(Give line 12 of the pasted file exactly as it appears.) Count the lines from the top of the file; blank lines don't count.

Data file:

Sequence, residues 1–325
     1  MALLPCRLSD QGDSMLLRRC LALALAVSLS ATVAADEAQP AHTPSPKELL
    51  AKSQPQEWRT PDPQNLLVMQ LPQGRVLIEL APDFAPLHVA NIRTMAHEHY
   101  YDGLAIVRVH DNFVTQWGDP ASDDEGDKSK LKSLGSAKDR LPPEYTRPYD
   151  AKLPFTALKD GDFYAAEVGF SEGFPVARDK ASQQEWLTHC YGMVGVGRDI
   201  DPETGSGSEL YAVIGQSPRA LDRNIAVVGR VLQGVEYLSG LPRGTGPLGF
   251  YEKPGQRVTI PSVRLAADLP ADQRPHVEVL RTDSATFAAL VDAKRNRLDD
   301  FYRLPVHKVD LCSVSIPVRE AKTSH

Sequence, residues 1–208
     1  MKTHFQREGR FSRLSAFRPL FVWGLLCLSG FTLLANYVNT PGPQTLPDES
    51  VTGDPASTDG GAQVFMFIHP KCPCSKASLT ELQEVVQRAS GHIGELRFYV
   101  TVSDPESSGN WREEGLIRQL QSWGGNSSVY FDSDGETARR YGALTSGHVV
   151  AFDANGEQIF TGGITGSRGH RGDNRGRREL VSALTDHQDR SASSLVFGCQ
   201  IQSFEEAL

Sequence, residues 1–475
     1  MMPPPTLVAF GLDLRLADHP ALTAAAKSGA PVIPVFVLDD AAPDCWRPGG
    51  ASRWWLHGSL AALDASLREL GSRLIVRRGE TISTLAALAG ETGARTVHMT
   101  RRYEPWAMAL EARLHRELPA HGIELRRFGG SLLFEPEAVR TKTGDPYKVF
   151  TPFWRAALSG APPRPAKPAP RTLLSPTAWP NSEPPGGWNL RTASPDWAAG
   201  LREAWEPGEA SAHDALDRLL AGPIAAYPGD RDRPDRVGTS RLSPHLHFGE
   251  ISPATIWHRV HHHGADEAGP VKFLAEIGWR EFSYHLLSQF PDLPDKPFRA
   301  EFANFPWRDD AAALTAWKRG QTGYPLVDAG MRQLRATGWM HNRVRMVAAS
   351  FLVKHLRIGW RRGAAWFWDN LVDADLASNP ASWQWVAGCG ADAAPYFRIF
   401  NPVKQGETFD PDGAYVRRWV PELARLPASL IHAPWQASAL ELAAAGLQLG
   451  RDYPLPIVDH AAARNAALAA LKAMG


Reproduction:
   101  TVSDPESSGN WREEGLIRQL QSWGGNSSVY FDSDGETARR YGALTSGHVV